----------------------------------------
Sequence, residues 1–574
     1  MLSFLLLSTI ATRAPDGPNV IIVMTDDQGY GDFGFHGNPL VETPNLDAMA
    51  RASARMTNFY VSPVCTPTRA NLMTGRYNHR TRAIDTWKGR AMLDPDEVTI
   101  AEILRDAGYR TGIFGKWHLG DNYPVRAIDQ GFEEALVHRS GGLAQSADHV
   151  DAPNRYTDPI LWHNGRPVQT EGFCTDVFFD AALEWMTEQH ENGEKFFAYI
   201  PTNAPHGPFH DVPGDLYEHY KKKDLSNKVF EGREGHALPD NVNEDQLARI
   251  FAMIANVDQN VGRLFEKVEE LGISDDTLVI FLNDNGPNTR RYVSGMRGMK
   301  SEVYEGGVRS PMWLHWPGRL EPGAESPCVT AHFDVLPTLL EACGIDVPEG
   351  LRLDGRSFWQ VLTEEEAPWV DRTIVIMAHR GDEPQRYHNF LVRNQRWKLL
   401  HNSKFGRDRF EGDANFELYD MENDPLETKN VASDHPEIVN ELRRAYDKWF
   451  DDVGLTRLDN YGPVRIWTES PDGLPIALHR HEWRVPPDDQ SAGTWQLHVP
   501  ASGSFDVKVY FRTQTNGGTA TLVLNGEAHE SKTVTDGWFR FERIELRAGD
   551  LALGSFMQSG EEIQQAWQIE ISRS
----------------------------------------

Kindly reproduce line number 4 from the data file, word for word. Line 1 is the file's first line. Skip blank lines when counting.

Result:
   101  AEILRDAGYR TGIFGKWHLG DNYPVRAIDQ GFEEALVHRS GGLAQSADHV